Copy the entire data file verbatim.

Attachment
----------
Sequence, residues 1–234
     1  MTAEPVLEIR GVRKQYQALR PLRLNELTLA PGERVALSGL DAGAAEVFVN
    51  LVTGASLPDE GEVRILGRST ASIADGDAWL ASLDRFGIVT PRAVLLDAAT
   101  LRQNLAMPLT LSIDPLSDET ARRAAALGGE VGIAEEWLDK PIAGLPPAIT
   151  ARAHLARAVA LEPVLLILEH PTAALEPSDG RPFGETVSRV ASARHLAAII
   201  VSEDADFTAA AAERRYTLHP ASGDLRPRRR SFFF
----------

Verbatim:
Sequence, residues 1–234
     1  MTAEPVLEIR GVRKQYQALR PLRLNELTLA PGERVALSGL DAGAAEVFVN
    51  LVTGASLPDE GEVRILGRST ASIADGDAWL ASLDRFGIVT PRAVLLDAAT
   101  LRQNLAMPLT LSIDPLSDET ARRAAALGGE VGIAEEWLDK PIAGLPPAIT
   151  ARAHLARAVA LEPVLLILEH PTAALEPSDG RPFGETVSRV ASARHLAAII
   201  VSEDADFTAA AAERRYTLHP ASGDLRPRRR SFFF